RockMelt social browser faces tough sell

Even if RockMelt succeeds, mainstream browsers can easily co-opt its features, say experts

The odds are stacked against RockMelt, a new browser designed to serve as a social networking hub, industry analysts said today.

On Monday, Silicon Valley startup RockMelt launched a beta of what it called a "re-imagined" browser that tightly integrates Facebook, other popular social networking services, and a cloud-based service with a traditional Web navigation program.

The move is interesting, said Al Hilwa, an analyst at IDC. But RockMelt has a tough row to hoe, he said. "The odds are really stacked against them, because if they do succeed, the big browser makers will just come in and co-opt it by adding features of their own," Hilwa said.

Gartner's Ray Valdes agreed with Hilwa. "Having social features is not enough, given that general-purpose browsers can be extended in a similar fashion," he said, citing the numerous Facebook-centric extensions for Mozilla's Firefox as an example.

Valdes said also that he thought RockMelt was a long shot because it was following in the footsteps of another browser with social networking aspirations.

"Early adopters are the ones who would try out a new browser," Valdes said. "[But] they did that already with Flock, and that browser failed to gain broad traction."

"Now users can choose between some very good general-purpose browsers, so the opportunity has narrowed for a new entrant," he said.

As Valdes said, RockMelt isn't the first browser to focus on the likes of Facebook or Twitter. Flock has worked that side of the browser street for more than five years, to mixed success.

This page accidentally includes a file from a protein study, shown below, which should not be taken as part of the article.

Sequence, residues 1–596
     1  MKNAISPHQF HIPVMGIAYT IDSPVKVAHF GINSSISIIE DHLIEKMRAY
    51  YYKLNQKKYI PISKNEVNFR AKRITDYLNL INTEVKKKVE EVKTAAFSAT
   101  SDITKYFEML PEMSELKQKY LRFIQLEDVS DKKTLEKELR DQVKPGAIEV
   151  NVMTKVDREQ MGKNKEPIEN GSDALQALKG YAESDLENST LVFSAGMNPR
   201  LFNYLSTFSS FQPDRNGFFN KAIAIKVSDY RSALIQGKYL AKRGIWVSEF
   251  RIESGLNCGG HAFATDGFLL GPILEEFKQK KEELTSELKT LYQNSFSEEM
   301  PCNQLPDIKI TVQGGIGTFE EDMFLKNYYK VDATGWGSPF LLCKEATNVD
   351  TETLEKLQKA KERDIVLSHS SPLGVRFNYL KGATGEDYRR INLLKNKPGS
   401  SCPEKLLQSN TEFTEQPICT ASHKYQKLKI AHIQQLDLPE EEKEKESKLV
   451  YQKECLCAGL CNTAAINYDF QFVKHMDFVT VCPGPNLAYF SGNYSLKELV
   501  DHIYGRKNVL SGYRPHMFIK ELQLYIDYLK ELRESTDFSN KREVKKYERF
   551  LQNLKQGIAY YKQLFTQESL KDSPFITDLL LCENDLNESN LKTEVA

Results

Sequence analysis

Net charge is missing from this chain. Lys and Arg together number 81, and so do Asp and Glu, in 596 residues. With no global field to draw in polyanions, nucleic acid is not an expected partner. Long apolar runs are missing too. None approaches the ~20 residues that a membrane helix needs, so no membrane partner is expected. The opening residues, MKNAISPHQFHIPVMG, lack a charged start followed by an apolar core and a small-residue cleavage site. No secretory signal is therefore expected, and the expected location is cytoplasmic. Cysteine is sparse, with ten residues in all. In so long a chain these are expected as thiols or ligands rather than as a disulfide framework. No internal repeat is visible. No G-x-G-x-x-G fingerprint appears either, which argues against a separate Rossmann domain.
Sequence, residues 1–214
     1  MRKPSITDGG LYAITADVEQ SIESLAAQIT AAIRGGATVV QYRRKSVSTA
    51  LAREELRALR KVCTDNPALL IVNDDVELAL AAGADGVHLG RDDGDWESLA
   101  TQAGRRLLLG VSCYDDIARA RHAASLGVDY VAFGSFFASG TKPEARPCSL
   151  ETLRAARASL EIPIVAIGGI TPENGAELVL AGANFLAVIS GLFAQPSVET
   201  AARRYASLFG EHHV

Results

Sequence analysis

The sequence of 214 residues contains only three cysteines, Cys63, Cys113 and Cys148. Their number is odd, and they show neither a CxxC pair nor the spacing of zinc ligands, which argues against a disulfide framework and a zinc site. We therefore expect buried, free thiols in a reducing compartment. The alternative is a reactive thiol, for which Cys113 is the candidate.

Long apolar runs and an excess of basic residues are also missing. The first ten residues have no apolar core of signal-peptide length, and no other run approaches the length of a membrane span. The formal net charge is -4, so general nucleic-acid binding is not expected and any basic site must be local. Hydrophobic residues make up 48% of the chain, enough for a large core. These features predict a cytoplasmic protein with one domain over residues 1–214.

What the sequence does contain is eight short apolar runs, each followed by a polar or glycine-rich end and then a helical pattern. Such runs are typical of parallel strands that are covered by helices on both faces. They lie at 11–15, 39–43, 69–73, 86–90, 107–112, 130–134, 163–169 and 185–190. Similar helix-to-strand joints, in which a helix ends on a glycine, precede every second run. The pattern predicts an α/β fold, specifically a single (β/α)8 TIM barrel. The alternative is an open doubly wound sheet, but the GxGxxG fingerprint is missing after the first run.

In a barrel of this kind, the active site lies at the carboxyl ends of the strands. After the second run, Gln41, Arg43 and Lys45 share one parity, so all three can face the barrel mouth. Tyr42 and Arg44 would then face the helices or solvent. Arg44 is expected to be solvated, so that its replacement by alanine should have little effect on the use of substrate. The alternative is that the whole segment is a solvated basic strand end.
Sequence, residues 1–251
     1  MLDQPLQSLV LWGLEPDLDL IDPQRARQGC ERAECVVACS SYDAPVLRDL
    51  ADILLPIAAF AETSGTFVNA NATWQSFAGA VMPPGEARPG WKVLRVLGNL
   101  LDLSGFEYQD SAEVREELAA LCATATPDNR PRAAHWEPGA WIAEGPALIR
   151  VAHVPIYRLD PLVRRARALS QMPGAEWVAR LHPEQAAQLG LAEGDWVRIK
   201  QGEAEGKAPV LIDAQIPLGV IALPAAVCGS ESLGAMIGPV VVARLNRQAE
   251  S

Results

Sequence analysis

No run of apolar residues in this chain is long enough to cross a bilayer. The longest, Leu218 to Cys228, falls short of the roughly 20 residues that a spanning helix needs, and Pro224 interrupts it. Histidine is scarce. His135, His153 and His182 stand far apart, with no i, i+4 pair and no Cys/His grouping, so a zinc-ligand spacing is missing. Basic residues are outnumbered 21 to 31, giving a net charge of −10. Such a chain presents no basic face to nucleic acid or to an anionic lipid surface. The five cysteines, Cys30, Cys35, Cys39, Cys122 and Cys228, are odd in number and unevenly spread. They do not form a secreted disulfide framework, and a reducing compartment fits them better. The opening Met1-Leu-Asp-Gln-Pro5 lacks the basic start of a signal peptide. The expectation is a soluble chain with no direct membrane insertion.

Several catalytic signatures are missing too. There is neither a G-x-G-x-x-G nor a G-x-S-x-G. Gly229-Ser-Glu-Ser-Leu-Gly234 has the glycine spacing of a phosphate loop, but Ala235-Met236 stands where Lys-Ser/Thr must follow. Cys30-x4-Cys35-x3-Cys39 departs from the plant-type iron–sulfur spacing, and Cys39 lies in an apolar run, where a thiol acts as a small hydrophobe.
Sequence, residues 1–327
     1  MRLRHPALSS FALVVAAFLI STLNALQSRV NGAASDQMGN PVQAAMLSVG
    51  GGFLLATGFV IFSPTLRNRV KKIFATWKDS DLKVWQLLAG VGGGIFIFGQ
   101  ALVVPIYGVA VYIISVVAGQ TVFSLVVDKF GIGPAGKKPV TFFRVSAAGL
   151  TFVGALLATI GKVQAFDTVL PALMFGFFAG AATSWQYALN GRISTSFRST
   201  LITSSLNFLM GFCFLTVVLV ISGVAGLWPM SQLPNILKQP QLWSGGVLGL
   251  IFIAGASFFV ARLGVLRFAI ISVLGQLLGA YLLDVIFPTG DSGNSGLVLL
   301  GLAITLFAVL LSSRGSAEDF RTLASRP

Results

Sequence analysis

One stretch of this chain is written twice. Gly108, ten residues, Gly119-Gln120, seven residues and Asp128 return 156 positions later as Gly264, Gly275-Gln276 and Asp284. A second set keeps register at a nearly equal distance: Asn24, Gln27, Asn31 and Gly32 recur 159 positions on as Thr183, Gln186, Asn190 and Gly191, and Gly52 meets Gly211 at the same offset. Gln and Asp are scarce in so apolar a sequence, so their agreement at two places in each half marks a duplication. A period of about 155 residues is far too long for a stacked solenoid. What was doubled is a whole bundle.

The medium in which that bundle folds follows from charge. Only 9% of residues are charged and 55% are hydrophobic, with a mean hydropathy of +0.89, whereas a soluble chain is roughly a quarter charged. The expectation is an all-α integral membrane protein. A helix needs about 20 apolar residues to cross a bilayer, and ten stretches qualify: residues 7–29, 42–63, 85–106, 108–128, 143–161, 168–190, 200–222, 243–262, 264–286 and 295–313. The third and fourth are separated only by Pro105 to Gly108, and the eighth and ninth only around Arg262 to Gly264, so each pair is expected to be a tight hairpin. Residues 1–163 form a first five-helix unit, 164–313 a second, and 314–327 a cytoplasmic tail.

In that time, Flock has collected about 9 million users, said the firm's CEO, Shawn Hardin, who classified 2.5 million of those people as "active" users who have run the browser at least once in the last month.

Flock's active user base pales in comparison with other browsers. Mozilla, for example, claims that its Firefox has over 400 million active users, while earlier this year, Google said Chrome was being used by more than 70 million.

Firefox is the world's No. 2 browser, while Chrome is ranked No. 3. Both lag far behind Microsoft's Internet Explorer in usage share estimates.

Hardin acknowledged that the bigger browsers could step up their social game. "I certainly expect that the major players will all be looking to serve the [same] social audience," he said.

Flock doesn't even register in the data compiled by Web analytics firms such as Net Applications, said Vince Vizzaccaro, the company's vice president of marketing, since like RockMelt, Flock is actually a customized version of Chromium, the open-source browser project that Google backs. Chromium, which is based on Apple's WebKit engine, is also the foundation for Google's Chrome.

"[RockMelt and Flock] are not broad or universal products," said Hilwa. "They taking the browser, then customizing it to manage your social networking affairs. They're as much a Facebook application as they are a browser."

Valdes went further, wondering if the browser-based strategies of RockMelt and Flock even made sense. "There is a genuine need for a better method of accessing the broad range of social sites, but a browser may not be the best approach," he said. "It requires a big download and also needs to be updated frequently to keep up with the rapid evolution of social sites."

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